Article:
In art, architecture and traditional Christian symbolism, the quatrefoil is a type of decorative framework consisting of a symmetrical shape which forms the overall outline of four partially overlapping circles of the same diameter. The word quatrefoil means "four leaves", from Latin quattuor, four, plus folium, a leaf.) and applies to general four-lobed shapes in various contexts.
The quatrefoil enjoyed its peak popularity during the Gothic and Renaissance eras. It is most commonly found as tracery, mainly in Gothic architecture, where a quatrefoil can often be seen at the top of a Gothic arch, sometimes filled with stained glass.
The barbed quatrefoil is a quatrefoil pierced at the angles by the points of an inscribed square, which gives an image akin to an heraldic rose, which is termed "barbed" due to the stylised thorns which project at the intersection of each pair of petals. The earliest example of the barbed quatrefoil appears on the south transept buttresses of 1260 in the Cathedral of Notre Dame in Paris. Similarly the trefoil is often combined with an equilateral triangle to form a barbed trefoil. Among the most famous works of art employing the barbed quatrefoil are the bronze panels on the South Doors of the Baptistery in Florence (1330–6) by Andrea Pisano, the bronze panels of the North Doors of the Baptistery in Florence by Lorenzo Ghiberti, and also Filippo Brunelleschi's competition entry for the same doors, The Sacrifice of Isaac) as well as "Head of an Angel" by Piero della Francesca.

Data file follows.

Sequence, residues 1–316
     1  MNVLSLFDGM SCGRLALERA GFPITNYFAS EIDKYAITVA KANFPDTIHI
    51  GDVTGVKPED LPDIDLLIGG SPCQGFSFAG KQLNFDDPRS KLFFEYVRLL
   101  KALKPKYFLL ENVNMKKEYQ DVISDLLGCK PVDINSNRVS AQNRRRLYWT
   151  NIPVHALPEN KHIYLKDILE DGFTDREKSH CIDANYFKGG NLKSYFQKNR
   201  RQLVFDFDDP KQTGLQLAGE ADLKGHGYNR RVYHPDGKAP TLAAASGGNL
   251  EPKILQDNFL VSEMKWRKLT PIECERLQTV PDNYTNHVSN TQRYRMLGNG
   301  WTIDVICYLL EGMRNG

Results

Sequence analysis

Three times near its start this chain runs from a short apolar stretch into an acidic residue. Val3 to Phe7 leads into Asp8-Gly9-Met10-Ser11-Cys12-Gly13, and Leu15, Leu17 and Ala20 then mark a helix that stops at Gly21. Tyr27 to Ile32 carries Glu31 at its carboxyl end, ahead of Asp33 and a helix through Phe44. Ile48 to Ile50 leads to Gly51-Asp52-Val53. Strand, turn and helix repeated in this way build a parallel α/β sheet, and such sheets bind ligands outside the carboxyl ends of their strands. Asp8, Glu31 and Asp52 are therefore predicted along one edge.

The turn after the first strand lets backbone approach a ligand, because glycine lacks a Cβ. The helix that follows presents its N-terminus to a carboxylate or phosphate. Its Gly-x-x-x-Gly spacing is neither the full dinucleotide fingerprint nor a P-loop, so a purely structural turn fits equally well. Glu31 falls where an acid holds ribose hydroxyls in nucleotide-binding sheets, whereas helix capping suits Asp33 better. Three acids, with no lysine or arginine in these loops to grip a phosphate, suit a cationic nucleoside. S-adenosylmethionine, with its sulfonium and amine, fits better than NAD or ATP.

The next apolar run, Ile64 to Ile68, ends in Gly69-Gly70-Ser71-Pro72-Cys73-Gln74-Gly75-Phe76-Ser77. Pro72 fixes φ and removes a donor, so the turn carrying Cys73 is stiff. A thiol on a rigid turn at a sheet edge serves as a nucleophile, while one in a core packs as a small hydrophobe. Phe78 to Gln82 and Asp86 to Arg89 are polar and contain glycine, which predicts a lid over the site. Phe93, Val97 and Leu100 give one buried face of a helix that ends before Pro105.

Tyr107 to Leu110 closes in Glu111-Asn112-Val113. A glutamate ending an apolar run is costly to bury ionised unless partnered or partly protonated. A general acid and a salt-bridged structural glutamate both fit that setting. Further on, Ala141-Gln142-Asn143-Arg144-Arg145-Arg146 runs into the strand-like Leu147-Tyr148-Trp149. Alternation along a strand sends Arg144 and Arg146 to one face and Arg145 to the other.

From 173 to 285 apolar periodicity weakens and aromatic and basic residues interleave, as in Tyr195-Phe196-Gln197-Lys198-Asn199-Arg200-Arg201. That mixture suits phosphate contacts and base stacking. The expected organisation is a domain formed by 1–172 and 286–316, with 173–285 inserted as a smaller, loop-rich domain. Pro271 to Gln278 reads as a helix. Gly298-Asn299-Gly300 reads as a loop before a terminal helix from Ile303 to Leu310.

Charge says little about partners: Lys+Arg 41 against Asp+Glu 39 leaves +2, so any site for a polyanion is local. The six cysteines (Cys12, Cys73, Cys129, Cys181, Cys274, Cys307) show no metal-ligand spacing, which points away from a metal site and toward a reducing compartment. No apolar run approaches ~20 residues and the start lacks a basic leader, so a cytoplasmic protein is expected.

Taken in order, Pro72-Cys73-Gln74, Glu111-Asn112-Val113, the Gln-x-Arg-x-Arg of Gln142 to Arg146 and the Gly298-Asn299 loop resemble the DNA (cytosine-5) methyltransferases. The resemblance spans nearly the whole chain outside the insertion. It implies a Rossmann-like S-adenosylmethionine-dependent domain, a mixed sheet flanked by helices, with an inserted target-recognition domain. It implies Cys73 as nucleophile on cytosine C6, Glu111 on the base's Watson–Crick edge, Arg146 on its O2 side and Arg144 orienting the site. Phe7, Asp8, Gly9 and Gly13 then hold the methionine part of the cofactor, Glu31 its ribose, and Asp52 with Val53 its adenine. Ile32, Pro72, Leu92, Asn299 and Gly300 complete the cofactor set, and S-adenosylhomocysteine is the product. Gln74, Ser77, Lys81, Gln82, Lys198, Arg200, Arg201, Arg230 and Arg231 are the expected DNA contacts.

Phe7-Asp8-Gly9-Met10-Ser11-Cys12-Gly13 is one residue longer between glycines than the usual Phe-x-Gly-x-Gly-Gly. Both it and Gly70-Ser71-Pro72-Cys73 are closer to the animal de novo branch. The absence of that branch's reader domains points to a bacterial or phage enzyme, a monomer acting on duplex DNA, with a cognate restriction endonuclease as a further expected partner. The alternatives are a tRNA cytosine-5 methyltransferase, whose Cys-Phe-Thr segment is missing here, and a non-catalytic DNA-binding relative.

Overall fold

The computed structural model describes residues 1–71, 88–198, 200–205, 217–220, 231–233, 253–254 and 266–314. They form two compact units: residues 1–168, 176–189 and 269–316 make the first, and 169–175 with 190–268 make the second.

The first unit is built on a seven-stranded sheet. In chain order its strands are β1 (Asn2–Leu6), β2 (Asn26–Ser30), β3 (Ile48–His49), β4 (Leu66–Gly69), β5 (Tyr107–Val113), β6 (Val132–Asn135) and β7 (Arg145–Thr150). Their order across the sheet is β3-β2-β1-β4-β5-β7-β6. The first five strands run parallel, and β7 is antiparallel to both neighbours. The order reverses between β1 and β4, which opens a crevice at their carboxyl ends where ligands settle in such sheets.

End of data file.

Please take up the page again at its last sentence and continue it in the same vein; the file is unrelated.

In the U.S. Marine Corps, quatrefoil refers to a four-pointed decoration on the top of a warrant or commissioned Marine officer's dress and service caps (see peaked caps, also known in the Marines as "barracks covers"). According to tradition, the design was first used with Marine officers on sailing ships so that Marine sharpshooters in the rigging did not shoot their own officers on the deck during close-quarters gun battles (as when crews of opposing ships attempted to board each other's ship). An official part of U.S. Marine Corps officer uniforms since 1859, the quatrefoil was said to initially have been crossed pieces of rope sewed into officers' caps before becoming officially mandated as a uniform item.
The quatrefoil is the official symbol of the Bishop James Madison Society, est. 1812 at the College of William and Mary.
- Cassell's Latin Dictionary
- Martindale, Andrew, Gothic Art, London, 1967, p.173
- The Artist Blacksmith, Volume 5, Number 4. www.Artist-Blacksmith.org.
- The Artist Blacksmith, Volume 6, Number 1, 2 & 3.
- The Hammers Blow, Volume 6, Number 4.
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